Страны с большим распространением нелегальной экономической активности лучше переносят рецессию. К такому выводу пришли специалисты Deutsche Bank, пишет The Financial Times. При этом “черный рынок” должен быть достаточно велик в сравнении с ВВП. В качестве примера банкиры приводят Грецию, государство с большой теневой экономикой. Даже несмотря на свои серьезнейшие проблемы с бюджетом и долгами, экономика страны сократится в 2009 году всего лишь на процент, тогда как в среднем по Европе этот показатель составит 4 процента.
Специалисты объясняют такие расхождения тем, что в условиях рецессии теневой сектор дает гражданам возможность заработать, но открытость и честность в экономике также предоставляют дополнительные возможности.
По оценке австрийского профессора Фридриха Шнайдера, теневая экономика является даже лучшим способом противодействия рецессии, поскольку деньги, которые люди зарабатывают нелегально, не откладываются в банки, а тратятся немедленно, увеличивая тем самым потребительский спрос. Единственным проигравшим в данном случае является государство.
December 21, 2009
Germans simply cannot make up their minds. With close to 15% of its GDP being generated in the shadow economy, Germany muddles along at the European average. Germans are neither impeccably honest in their work ethic, like the Austrians, nor do they expend so much effort in circumventing the state as, for instance, the Greeks. One reaps what one sows: the economic crisis hit the indecisive Germans particularly hard with a 5% contraction of GDP. Going forward, there’s probably only one solution: regardless of whether it is “good” or “bad”, Germans should decide on one approach and stick with it.
The unofficial sector, the so-called “shadow economy”, covers all economic activities performed beyond the cognizance of government authorities. These include both illegal activities (e.g. drug dealing) as well as the deployment of materials or labour (moonlighting) without an invoice. Moonlighting applies both to blue-collar tradespeople demanding cash for work performed without an invoice, and thereby avoiding paying taxes and social-security contributions, as well as to private tutors who also get paid in cash and whose activities are unknown to the authorities.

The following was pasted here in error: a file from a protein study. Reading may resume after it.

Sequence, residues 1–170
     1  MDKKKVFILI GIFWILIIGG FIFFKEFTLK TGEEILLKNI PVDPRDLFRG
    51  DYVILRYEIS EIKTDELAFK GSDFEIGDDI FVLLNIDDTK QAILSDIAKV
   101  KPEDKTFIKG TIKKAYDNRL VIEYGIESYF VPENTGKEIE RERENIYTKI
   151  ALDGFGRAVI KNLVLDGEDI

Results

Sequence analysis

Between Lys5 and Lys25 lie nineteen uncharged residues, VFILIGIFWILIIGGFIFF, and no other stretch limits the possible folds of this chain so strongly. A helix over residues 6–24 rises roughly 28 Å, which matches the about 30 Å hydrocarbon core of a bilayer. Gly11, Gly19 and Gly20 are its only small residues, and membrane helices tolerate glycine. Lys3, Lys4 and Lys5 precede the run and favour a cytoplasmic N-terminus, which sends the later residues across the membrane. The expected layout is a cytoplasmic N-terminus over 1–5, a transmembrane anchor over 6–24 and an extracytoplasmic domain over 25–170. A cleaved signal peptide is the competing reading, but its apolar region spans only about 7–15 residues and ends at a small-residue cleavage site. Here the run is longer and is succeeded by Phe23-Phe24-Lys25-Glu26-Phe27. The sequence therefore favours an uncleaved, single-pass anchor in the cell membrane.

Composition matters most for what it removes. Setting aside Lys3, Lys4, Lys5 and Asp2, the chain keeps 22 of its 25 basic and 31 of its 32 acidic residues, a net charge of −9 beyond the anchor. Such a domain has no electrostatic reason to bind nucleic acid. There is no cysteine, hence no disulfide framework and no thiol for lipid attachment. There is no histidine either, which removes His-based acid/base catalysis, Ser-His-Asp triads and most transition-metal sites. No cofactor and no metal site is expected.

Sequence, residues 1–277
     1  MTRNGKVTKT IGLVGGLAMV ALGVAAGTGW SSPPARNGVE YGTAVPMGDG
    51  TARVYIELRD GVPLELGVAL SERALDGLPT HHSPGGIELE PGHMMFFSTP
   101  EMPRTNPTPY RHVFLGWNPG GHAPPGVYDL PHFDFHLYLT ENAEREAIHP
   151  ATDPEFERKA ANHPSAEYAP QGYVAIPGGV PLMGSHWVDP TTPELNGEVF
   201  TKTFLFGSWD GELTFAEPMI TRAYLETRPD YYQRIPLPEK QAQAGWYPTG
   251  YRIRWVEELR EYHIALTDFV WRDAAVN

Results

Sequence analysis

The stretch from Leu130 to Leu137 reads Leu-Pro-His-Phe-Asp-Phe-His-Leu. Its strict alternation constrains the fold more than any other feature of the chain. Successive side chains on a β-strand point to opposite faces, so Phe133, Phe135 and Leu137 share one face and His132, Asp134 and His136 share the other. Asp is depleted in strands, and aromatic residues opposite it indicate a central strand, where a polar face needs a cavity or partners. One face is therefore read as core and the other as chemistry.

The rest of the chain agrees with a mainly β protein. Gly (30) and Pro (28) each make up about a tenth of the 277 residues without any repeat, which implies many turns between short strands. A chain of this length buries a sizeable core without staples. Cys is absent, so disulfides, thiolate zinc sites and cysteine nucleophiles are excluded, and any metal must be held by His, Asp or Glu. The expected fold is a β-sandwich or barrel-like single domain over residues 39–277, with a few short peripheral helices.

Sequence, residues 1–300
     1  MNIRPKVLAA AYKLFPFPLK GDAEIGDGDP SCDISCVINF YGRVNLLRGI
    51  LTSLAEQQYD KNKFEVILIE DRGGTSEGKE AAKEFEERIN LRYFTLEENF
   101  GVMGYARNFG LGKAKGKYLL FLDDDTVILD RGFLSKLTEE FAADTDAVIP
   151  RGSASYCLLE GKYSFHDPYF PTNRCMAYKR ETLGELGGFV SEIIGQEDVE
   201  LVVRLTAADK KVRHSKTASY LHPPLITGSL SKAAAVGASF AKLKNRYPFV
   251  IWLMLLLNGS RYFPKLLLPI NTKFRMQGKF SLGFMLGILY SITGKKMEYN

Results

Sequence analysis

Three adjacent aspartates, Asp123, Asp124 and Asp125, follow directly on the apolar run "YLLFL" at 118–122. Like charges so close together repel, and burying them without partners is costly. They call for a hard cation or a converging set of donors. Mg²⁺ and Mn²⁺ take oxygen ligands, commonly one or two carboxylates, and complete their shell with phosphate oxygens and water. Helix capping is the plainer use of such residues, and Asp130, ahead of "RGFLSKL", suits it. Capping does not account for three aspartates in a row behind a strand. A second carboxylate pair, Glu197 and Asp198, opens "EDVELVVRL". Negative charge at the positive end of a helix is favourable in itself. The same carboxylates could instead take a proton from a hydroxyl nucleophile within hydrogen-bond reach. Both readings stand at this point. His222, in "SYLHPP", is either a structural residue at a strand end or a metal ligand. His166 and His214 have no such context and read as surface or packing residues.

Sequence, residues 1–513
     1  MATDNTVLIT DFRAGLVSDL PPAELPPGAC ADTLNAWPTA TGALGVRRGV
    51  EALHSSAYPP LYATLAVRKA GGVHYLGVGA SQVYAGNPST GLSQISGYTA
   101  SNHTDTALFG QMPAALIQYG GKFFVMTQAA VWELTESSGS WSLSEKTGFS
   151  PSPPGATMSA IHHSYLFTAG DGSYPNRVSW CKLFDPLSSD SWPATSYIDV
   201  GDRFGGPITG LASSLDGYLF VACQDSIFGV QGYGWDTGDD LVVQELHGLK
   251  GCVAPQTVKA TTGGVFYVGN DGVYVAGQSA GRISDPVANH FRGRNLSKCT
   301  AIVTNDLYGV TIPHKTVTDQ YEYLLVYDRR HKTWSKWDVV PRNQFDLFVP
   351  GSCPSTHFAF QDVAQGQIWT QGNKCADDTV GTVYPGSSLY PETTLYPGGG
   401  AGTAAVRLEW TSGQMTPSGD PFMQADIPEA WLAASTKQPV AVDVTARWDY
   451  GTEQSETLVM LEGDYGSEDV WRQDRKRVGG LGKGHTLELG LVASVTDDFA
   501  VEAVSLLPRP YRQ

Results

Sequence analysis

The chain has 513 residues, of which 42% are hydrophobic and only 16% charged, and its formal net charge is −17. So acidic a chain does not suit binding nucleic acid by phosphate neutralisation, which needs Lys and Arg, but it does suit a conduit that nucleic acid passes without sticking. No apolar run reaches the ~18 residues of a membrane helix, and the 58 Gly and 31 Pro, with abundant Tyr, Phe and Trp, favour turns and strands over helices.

Since the end of the new economy crisis in 2003 the share of the shadow economy has decreased steadily in Germany, from just under 17% to 14.2% of official GDP. This year, the shadow economy is set to grow again for the first time since 2003, to as much as 14.6% of GDP according to researchers at the University of Linz. For Germany, this reading corresponds to EUR 352 billion worth of output being generated outside the scope of the official national accounts and thus of the tax office. In theory, it is simply a toss-up whether the shadow economy gains significance in a crisis. And it is equally a toss-up whether a large shadow economy fundamentally mitigates or exacerbates the vulnerability of the official economy to crises. Empirically, though, it seems quite obvious: countries with a very high or very low share of activity in the shadow economy appear to be much less affected by growth fluctuations in the world economy than countries displaying a more or less average intensity of shadow market activity. For instance, the GDP of countries with a particularly honest (in the sense of “large official”) working population (such as Austria, France or the Netherlands) is down this year by merely 2-4% yoy. The reading is even better in countries such as Greece or Portugal where additional production equal to nearly one-quarter of official output comes from the shadow economy. The GDP of these countries has shrunk this year by only around 0.7% and 2.6%, respectively. By contrast, countries in which the population cannot really decide whether it wants to offer its labour “honestly” in the official economy or rigorously off-record are hit particularly hard. This includes Germany, Ireland and some Scandinavian countries whose shadow economies equal around 15% of GDP. These countries have seen their GDP plunge by around 5% in 2009, and in the case of Ireland and Finland by over 6.5% in fact. Our chart shows that the most unfavourable level of shadow market activity is 14.3318% of official GDP. So, at 14.6%, Germany is virtually on the brink of the worst-case scenario.
This apparent relationship suggests several conclusions may be drawn. First of all, it looks absolutely advisable to decide for one side of the coin or the other: Germans should either all join the official workforce as of today, virtuously paying their taxes and social-security contributions on wages obtained or paid, or they should follow the example of such successful countries as Greece (in this case not just employing a moonlighting painter to do the living room, but instead to build the entire house without government involvement). In any event we should, by way of exception, not gear our conduct to Europe’s model players such as Sweden, Denmark or Finland.
Which path of the two is the right one for Germany, though? The answer is simpler than one might expect: honest work does pay off! For one thing, people should have learned from the economic crisis that only morals and decency are the key to sustainable business activity. For this reason alone, Germans should exhibit a greater degree of honesty vis-à-vis their tax officials. For another, the foregoing analysis makes one thing quite clear: had Germans generated a negligibly small share of GDP in the shadow economy to the degree that the performance of France, Austria and the Netherlands paled in comparison, Germany would presumably not have fallen into recession. On this note, may you have a Merry Christmas!
а взял здесь